The Air Line Pilots Association was organized in 1930. ALPA affiliated with the American Federation of Labor in 1931 and became the principal bargaining agent for professionally employed air line pilots. All aspects of air safety—airport facilities, flight procedures, equipment, and pilot training—have been a priority since the inception of the Association. During the 1930s, ALPA created its own National Safety Board, but through the early to mid-1930s the Association had little effect in enacting significant changes in air travel safety.

    In May, 1935, Senator Bronson Cutting of New Mexico was killed in a plane crash near Kirksville, Missouri. Four months later, pilot Wiley Post and humorist Will Rogers died in a plane crash in Point Barrow, Alaska. In September, ALPA’s Central Executive Committee passed a resolution recommending that the federal Bureau of Air Commerce, U.S. Department of Commerce, take immediate action to control uniformly all aircraft in flight. The death of prominent individuals sparked government investigation into air safety. The Cutting crash precipitated investigations by five government agencies and provoked reforms in accident investigation.

    The timing of another situation proved fortuitous for ALPA as the organization assumed a increasing leadership role in promoting air safety. Publicity surrounding ALPA’s accusations of industry “pilot pushing” in late 1936-early 1937 coincided with pending government aviation legislation. “Pilot pushing” meant the employer held the threat of immediate discharge over pilots who refused to fly in bad weather. This practice directly caused the deaths of two mail pilots flying for Northwest Airlines in December. The tragic episode served as a national opportunity for ALPA to expose the poor status of air safety in the United States. Historically, air crashes and aircraft mishaps through the 1930s were routinely blamed on pilot error—exclusive of serious consideration of other important factors such as equipment malfunction, mechanical failure or bad flying conditions.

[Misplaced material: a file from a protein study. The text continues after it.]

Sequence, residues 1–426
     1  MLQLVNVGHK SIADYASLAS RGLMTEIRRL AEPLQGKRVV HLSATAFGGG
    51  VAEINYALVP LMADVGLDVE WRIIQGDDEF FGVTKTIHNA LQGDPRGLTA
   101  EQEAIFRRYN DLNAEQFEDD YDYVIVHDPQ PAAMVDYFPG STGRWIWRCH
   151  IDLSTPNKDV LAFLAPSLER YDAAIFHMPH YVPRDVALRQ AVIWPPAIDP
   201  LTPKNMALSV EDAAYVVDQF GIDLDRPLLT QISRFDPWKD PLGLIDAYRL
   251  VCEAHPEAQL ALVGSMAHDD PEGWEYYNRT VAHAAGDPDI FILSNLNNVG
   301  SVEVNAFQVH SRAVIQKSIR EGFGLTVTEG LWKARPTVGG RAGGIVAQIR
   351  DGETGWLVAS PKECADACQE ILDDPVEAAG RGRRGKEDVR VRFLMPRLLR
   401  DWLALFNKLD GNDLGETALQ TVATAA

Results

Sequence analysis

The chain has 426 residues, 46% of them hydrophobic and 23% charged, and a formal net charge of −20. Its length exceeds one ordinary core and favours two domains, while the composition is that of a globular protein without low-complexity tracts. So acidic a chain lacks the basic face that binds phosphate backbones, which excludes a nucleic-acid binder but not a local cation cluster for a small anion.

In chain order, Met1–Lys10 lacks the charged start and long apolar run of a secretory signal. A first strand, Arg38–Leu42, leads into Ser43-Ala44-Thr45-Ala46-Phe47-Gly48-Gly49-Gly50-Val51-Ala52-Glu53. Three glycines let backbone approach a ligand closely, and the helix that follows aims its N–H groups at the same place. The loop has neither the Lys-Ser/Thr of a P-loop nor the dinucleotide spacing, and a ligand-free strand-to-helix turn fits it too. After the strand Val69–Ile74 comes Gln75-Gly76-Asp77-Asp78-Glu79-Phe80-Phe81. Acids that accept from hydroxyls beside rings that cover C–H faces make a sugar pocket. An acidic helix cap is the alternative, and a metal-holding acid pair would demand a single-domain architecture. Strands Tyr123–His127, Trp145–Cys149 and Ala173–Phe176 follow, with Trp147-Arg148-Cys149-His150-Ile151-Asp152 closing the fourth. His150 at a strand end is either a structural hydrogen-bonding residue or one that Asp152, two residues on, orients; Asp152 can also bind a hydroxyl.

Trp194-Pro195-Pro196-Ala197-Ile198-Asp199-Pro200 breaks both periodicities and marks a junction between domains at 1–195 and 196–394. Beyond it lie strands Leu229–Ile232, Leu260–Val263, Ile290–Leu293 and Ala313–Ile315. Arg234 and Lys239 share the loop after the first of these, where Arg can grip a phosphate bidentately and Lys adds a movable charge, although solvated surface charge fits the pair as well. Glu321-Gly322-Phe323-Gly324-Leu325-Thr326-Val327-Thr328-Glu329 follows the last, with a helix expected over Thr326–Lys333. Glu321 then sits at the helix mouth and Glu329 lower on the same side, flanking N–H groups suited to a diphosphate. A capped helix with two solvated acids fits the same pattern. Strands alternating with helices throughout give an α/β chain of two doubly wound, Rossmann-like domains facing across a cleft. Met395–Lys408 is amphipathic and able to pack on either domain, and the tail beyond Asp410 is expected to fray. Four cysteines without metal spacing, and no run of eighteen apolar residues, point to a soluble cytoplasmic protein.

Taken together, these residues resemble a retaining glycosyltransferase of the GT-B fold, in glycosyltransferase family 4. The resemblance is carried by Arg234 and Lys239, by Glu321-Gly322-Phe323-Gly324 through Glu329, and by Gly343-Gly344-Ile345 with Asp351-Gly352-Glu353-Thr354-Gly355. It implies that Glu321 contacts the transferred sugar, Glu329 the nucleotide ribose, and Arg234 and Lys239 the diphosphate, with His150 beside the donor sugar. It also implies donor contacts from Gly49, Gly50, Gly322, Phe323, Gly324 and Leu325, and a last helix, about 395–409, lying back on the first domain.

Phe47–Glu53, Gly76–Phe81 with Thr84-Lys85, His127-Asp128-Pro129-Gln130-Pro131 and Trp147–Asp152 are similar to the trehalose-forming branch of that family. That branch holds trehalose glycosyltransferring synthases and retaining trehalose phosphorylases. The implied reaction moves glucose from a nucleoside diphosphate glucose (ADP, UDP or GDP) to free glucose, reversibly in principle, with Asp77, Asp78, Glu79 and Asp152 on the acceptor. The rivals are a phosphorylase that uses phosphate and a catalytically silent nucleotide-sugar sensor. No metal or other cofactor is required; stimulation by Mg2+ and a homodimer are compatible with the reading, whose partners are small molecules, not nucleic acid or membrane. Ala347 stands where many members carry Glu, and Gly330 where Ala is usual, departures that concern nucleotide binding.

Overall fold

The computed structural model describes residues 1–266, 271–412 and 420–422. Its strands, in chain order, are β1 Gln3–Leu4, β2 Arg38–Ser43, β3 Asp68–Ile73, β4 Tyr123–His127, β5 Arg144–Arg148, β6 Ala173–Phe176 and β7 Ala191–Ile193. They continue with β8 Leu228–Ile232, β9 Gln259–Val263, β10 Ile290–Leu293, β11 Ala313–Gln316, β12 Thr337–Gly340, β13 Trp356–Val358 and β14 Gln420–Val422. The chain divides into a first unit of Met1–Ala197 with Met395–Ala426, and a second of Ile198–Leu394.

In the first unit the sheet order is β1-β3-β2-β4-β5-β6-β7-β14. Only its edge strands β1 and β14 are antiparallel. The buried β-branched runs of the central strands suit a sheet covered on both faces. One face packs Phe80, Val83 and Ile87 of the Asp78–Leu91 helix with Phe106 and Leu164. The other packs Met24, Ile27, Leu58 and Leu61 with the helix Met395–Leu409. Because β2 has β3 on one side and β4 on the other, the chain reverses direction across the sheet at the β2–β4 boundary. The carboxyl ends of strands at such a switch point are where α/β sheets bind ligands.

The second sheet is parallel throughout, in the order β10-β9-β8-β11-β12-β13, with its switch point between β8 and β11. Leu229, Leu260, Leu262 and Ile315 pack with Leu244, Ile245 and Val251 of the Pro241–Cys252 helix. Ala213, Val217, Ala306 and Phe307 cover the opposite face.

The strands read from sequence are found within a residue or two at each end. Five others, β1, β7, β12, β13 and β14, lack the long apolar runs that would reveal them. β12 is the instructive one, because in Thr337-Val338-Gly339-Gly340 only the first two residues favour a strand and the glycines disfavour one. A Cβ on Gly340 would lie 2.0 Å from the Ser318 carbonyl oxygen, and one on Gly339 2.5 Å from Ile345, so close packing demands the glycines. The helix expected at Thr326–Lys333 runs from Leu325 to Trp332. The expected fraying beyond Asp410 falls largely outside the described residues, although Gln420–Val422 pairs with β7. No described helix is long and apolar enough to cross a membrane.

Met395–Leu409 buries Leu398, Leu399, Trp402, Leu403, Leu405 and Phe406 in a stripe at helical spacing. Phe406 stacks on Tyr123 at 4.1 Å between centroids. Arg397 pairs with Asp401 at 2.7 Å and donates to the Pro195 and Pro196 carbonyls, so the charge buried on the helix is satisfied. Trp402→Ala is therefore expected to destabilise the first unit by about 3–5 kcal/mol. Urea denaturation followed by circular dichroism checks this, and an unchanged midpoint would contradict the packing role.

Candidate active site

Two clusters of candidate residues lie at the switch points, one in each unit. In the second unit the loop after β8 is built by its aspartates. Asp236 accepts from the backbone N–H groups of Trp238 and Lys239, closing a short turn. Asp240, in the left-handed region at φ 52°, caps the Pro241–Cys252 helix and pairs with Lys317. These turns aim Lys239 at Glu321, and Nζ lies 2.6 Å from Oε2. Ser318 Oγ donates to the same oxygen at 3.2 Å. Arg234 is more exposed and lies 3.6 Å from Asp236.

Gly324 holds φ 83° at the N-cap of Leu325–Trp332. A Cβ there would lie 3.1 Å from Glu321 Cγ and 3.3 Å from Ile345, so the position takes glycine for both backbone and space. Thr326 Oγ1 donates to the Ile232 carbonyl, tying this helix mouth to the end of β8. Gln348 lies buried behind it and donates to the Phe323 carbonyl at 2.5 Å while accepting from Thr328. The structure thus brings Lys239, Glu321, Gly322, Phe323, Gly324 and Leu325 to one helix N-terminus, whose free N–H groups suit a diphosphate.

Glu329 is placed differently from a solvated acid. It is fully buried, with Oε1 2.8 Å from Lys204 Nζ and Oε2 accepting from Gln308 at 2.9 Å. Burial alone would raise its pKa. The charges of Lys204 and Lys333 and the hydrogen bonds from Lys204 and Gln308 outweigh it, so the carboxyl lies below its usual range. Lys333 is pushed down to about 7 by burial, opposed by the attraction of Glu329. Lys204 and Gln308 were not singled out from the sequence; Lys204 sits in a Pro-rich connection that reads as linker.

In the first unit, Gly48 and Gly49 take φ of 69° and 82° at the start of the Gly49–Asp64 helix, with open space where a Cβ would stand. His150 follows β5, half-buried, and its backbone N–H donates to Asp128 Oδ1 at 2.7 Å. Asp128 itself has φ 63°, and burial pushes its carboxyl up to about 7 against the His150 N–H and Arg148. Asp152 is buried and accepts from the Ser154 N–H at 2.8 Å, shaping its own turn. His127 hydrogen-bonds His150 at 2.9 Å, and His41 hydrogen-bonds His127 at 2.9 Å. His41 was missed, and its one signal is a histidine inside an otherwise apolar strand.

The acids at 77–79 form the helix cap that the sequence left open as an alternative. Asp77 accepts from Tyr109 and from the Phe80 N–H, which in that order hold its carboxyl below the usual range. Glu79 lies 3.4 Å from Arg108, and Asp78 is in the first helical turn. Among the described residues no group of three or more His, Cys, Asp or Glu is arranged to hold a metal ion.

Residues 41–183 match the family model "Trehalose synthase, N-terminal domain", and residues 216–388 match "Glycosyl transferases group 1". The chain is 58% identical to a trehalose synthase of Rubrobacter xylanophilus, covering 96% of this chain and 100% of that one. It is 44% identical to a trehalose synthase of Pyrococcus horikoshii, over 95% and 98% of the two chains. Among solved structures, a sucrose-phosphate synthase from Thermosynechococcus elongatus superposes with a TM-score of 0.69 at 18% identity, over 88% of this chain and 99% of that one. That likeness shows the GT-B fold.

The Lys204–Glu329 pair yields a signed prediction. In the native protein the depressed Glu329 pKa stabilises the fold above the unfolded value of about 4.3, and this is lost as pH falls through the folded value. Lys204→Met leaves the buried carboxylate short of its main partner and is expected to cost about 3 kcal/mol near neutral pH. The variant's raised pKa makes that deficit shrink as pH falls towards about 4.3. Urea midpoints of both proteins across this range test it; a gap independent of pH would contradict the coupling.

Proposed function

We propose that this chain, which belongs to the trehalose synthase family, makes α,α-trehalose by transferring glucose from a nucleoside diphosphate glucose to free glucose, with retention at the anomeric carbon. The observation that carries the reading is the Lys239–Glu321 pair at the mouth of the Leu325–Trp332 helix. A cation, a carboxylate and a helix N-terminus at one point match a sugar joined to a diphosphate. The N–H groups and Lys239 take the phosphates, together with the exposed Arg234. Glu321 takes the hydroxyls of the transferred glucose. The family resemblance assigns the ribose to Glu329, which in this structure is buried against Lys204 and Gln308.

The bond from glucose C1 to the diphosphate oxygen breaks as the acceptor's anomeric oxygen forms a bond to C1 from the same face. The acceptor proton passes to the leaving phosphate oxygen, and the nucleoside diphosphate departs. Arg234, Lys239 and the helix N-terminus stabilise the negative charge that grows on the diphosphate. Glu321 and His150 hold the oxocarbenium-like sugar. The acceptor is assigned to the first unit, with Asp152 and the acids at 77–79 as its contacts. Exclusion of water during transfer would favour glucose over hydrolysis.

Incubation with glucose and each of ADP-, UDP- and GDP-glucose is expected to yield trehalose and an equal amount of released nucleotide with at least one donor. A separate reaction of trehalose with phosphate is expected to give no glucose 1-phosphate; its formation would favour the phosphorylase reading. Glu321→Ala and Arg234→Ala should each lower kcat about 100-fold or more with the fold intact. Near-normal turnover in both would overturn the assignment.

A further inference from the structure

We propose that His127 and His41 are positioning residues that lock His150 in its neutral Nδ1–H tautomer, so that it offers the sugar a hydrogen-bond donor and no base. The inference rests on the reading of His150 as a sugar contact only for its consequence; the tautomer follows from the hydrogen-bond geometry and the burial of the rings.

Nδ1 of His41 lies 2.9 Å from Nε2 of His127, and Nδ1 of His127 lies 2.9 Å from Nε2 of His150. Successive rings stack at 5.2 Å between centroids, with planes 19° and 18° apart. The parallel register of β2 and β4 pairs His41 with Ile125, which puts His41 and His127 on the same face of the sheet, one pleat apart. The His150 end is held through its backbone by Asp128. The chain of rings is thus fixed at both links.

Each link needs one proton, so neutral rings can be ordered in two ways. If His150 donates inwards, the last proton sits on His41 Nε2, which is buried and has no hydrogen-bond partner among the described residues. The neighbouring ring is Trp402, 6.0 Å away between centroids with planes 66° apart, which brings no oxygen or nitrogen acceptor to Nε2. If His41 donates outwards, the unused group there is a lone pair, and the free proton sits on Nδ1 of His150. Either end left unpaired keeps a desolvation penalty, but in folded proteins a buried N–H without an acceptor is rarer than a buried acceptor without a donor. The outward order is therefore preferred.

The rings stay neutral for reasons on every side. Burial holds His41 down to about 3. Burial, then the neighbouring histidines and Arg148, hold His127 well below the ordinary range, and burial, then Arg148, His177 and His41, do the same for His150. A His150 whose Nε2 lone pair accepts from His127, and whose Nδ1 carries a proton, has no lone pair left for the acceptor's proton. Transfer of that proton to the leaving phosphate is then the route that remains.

The pending legislation resulted in the Civil Aeronautics Act of 1938. A major provision of the act was the creation of an independent Air Safety Board (ASB) which assumed the duties of the Bureau of Air Commerce: an ALPA vice president had a seat on the board. A major component of the new federal board, the Civil Aeronautics Authority (CAA), accepted air safety recommendations on behalf of pilot groups—such as ALPA—for federal review and potential rule-making. A chief concern of the pilots then, which would remain a concern to ALPA to the present day, was air traffic control (ATC).

    By the end of 1938, the CAA established an airway operations division. Also, during this year ALPA abolished its own National Safety Committee, citing that the committee was unable to function expeditiously.

    The ASB was short-lived. In April 1940, President Franklin D. Roosevelt abolished the board. The CAA was transferred back to the Department of Commerce. The accident investigatory function of the now-defunct ASB was transferred to a newly restructured government agency, the Civil Aeronautics Board (CAB), later in 1942. ALPA’s concern over air safety was ever present, and in response to the demise of the ASB, the Association established the Engineering and Airworthiness Committee, a standing committee, at the ALPA’s 1940 Board of Directors (BOD) meeting.

    ALPA’s growing involvement in national affairs since the mid-1930s necessitated changes within the Association itself. ALPA began to develop its organizational structure as a professional and modernized entity. The issue of air safety was of particular importance. The major drawback with ALPA’s existing Engineering and Airworthiness Committee was that it lacked sufficient technical engineering expertise.